How much do you pay your fund manager?

Usually, it is advised to look at the total expense ratio (TER) of a fund, which tots up all the various charges and shows how much you’re paying in fees overall.

But new research suggests that even TERs don’t show the whole story.

Spencer-Churchill Miller Private (a wealth management firm set up earlier this year by the previous chief investment officer of the now defunct New Star Asset Management, which has been bought by Henderson) reckons that investors could be paying up to £5.8bn a year in annual ‘hidden’ charges – and that’s on top of the normal TER.

They say that because TERs don’t include things like dealing commissions, taxes and interest on borrowing, investors often aren’t getting the whole story.

For example, the average TER for an open-ended fund in the UK All Companies sector is around 1.6 per cent – but add in these extra charges and the annual cost could be up to 2.8 per cent.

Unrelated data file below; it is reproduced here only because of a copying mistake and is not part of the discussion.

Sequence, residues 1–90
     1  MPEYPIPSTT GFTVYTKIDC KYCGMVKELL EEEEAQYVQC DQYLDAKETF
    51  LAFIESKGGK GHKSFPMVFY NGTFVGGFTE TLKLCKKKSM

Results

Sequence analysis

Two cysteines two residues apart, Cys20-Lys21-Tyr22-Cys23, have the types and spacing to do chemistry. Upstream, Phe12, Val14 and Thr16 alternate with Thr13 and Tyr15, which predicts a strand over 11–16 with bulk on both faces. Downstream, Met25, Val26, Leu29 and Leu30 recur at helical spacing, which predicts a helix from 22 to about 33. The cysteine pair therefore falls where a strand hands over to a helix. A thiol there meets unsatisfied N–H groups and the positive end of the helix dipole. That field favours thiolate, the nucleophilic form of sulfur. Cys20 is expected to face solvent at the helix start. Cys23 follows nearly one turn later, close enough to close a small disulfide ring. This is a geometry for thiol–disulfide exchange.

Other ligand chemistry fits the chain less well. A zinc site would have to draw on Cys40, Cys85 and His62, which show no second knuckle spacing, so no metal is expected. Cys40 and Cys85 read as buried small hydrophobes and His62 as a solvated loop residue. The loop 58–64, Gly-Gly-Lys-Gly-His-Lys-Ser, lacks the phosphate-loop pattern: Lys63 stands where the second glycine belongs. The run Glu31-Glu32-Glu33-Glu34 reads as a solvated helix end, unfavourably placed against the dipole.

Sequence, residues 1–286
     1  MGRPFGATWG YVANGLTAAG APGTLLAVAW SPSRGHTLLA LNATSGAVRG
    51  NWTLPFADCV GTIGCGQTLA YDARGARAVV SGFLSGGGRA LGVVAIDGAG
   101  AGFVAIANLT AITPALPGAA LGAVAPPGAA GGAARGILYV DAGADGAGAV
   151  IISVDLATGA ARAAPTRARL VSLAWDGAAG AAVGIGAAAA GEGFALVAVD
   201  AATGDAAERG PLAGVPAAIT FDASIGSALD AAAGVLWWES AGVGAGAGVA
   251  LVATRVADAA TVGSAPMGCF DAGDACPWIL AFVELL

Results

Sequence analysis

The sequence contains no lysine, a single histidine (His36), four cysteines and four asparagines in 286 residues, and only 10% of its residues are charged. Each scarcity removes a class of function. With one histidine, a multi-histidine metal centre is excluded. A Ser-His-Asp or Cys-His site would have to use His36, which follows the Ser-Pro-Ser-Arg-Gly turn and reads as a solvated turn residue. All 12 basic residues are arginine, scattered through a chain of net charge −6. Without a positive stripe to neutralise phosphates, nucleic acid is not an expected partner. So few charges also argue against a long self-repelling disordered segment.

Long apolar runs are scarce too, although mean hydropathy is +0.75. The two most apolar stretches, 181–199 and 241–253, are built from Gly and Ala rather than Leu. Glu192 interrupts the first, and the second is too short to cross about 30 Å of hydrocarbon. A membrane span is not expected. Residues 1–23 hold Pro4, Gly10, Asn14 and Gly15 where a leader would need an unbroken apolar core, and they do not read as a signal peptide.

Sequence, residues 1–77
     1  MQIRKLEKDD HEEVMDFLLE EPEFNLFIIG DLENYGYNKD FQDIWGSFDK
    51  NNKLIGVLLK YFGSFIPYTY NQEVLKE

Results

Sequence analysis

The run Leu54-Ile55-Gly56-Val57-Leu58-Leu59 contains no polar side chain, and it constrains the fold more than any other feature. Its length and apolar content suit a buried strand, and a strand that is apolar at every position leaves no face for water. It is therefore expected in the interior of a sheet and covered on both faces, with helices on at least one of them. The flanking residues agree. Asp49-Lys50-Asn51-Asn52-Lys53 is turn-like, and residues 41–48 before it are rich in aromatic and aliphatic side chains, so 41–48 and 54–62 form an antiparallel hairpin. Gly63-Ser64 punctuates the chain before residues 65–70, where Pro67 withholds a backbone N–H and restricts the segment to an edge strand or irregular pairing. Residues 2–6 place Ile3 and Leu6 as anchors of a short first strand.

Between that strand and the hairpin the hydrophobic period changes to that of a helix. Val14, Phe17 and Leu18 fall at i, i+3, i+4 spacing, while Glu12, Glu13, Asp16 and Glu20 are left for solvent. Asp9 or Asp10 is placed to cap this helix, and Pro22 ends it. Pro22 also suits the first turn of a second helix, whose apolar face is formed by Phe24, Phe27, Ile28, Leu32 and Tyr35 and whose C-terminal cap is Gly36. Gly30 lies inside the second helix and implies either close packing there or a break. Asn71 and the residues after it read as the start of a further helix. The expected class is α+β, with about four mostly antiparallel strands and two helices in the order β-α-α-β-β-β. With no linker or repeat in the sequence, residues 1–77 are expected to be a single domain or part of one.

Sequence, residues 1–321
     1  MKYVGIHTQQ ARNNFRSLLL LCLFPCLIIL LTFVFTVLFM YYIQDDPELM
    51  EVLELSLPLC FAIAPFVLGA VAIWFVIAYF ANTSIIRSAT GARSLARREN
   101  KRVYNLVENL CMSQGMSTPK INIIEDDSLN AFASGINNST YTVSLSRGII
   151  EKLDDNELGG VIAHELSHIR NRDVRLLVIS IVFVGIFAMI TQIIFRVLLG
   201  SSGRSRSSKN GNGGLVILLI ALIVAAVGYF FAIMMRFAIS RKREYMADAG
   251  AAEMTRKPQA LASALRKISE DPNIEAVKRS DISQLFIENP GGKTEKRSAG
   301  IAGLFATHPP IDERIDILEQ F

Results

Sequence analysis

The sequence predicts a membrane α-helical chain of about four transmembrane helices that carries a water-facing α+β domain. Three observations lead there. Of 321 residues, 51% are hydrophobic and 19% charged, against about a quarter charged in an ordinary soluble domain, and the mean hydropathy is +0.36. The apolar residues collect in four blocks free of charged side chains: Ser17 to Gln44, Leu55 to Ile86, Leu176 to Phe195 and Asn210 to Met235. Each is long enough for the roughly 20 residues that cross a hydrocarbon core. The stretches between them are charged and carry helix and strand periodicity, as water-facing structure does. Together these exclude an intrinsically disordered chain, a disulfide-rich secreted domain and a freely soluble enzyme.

How much churning fund managers do in their portfolio is also relevant. Some managers buy and hold value stocks, others try to play the markets a bit more. But this can be costly – SCM reckons the typical fund manager turns over about 57 per cent of their portfolio each year, adding another 1 per cent a year to charges.

So SCM Private is proposing a new calculation – the total cost of investment ratio – that would include all these costs too. This probably won’t become the industry standard any time soon, though, but in the meantime investors can have a think about existing TERs.

Basically, it’s difficult to know whether you should be paying a fund manager at all to select stocks, when so many of them end up sticking pretty close to the index anyway for fear of underperforming their benchmark.

There’s growing interest in passive funds for precisely this reason – such as exchange traded funds, which charge a TER of 0.15 to 0.5 per cent and have been flying off the shelves in the past couple of years.

Still, if you believe in the power of the fund manager to add value, some funds are cheaper than others. Open-ended funds usually have TERs of above 1.5 per cent – but closed-ended funds, aka investment trusts, have average TERs of just 1.39 per cent – and the bigger ones have charges less than 1 per cent.

So heads up people, those charges can have a big impact on performance over the longer term…